As lockdown continues we know it is taking a toll on children, families and teachers. We know many schools are actively trying to support learning outdoors, as a way to decrease screen time and make learning fun.
But we also know some families struggle with the demands of this.
Today we share our top 3 tips to try and make life easy for all!
Tip 1 – Link the Tasks
Where you can, use themes to link up the learning. If all the children have a similar task and a school helps a parent understand how to support the differing levels of learning in the family, outdoor learning suddenly becomes a lot easier.
For example, you could set a number hunt task. For young children it could be as simple as identifying numbers, children in the middle school could use it to practice their times tables by multiplying together the numbers they find and an older children could be practising finding the root or squaring a number etc. It is all very easy, very manageable but takes away so much pressure.
One school we are working with is using this approach to simplify and reduce planning for everyone. The teachers have paired up, a teacher from the lower and upper ends of the school are working together. They plan the core task and then how to differentiate it to make it simple for the younger years and more complex for the older children. They then share this with all the children in the school for their outdoor afternoon each week. The next week it is another pair of teachers who team up, reducing the workload for all.
Tip 2 – All in the Timing
Instead of setting complex tasks that take time, can we set simple tasks that can be completed close to home, or where materials can be collected and the activity completed back at home?
We need to remember that a lot of parent’s are juggling a lot at the moment and whilst lengthy tasks might seem fun, and often are, they can also be an additional stress.
In addition to this, setting an outdoor learning task in the morning and expecting it to be carried out the same day can cause headaches.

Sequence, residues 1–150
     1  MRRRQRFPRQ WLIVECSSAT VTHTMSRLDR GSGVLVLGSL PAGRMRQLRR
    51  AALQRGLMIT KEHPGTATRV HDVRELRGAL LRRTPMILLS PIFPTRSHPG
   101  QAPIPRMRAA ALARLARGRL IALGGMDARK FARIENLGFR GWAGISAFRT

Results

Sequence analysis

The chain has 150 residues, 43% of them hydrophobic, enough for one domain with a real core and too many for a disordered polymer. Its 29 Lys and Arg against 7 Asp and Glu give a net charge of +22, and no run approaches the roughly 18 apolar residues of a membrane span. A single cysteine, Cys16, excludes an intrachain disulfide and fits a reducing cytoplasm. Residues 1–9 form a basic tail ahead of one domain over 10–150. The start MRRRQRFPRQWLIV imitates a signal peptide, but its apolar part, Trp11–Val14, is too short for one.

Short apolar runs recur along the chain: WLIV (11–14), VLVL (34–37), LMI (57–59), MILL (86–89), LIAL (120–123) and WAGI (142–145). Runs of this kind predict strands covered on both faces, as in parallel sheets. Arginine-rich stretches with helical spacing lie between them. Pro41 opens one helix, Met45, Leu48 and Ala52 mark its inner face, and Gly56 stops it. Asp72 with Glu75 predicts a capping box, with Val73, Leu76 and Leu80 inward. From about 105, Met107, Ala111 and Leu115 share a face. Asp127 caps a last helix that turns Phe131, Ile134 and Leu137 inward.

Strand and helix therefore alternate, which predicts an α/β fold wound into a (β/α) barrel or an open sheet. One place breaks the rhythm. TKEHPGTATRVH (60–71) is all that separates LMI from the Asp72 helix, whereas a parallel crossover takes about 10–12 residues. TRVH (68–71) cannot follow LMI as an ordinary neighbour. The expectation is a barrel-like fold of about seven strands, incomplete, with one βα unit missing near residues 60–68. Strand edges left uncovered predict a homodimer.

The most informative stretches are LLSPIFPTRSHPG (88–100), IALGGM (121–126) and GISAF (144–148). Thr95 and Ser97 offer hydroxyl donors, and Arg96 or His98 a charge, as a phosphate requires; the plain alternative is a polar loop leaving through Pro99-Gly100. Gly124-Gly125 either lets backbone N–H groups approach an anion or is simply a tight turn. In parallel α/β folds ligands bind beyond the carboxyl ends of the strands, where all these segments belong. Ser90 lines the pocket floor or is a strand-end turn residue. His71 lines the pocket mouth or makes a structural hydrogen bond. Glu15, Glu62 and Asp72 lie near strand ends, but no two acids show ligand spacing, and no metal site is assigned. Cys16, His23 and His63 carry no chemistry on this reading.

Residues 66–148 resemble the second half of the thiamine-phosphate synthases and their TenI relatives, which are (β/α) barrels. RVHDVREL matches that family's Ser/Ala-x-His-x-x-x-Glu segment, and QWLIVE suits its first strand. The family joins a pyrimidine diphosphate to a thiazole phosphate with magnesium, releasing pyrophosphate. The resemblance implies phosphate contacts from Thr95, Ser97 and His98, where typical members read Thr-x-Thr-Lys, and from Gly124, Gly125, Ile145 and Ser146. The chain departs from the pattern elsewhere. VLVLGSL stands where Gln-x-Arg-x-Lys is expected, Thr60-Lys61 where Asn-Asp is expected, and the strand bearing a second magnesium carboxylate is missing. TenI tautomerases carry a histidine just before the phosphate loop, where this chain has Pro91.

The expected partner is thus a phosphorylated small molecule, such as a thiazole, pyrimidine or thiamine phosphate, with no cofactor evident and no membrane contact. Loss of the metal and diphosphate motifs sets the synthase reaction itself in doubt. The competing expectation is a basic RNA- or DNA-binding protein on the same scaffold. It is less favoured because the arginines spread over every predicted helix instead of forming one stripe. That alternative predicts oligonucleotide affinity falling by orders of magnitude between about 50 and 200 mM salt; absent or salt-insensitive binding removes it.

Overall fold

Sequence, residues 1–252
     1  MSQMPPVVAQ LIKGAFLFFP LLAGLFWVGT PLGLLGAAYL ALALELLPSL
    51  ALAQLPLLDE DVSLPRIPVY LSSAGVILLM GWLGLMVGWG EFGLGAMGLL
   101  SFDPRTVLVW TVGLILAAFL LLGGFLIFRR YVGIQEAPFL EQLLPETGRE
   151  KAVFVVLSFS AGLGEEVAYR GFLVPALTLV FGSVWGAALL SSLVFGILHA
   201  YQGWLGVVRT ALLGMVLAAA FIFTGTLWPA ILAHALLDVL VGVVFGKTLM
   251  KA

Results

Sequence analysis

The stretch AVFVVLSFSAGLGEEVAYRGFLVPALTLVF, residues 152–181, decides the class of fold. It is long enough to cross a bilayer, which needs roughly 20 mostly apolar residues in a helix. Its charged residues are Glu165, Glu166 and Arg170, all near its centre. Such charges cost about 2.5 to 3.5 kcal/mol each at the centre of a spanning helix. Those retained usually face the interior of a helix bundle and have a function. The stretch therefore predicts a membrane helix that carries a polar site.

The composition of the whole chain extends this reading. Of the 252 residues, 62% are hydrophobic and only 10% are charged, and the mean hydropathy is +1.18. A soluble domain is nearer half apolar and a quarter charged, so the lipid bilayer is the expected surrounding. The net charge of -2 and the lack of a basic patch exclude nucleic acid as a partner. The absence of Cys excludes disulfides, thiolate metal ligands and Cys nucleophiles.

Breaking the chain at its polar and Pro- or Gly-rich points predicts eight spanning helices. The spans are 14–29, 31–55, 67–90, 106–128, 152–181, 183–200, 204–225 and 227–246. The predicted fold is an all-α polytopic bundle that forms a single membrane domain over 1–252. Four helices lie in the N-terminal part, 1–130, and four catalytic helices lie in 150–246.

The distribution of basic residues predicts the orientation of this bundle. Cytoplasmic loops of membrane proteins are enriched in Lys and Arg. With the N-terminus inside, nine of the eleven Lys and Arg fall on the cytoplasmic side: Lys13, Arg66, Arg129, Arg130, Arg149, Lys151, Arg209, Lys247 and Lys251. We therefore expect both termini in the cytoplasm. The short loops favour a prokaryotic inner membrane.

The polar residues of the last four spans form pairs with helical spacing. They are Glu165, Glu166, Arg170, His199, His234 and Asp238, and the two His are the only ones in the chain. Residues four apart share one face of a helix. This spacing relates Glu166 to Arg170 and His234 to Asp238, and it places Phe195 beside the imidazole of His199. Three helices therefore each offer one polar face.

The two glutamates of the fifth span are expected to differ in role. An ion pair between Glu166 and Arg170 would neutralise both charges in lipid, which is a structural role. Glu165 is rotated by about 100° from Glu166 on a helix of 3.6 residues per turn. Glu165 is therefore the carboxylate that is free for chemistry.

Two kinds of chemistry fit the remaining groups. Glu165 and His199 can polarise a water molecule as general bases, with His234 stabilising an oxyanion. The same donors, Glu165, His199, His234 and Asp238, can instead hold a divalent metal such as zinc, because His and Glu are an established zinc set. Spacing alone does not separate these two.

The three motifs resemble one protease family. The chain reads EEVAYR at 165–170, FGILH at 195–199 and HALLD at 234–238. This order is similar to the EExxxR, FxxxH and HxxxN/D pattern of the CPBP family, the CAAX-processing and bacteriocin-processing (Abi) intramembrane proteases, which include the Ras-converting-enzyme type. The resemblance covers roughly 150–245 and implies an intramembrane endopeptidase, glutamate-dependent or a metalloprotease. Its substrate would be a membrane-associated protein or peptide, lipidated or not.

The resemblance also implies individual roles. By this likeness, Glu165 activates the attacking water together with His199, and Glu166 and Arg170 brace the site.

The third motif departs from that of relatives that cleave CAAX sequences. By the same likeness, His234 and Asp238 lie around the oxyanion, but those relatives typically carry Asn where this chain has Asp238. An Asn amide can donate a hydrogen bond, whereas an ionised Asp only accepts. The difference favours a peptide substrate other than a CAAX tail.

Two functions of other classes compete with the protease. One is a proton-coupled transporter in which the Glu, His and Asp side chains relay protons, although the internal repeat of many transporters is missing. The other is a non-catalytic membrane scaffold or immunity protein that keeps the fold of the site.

One school we are working with now set the task on the Friday with the aim of it being completed by the following Friday. This allows a full 7 days and is much easier to fit in. The result of this has seen a lot more families participating in the outdoor learning tasks.
Tip 3 – Link it to the Curriculum
Often, parents can look at outdoor learning as play and not an educational activity. There are 3 things we can do about this.
First off, we need to help parents understand that play is learning, even Albert Einstein saw the worth in it!
Then, we need to think about the language we use to describe it. Is a group of children building a den or are they constructing an engineering project and developing their team work and communication skills? Which description highlights the learning?
And finally, we can use outdoor learning to support the curriculum. Curriculum based outdoor learning takes your outcomes from across the curriculum and delivers them in a slightly new way.
We would love to hear what your tips are for outdoor learning in lockdown. What makes your families lives easier?
Love Outdoor Learning offer a range of support for curriculum based outdoor learning within the school, both in primary and secondary. Our membership resource offers training and lesson ideas throughout the curriculum and we regularly share blogs with new activity ideas and thoughts on outdoor learning. We can also offer on-site training and support.
Our aim is to help support as many educators as possible. We offer free support calls to help schools understand how we can support them in their learning journey. If you wish to book one just jump over to our diary.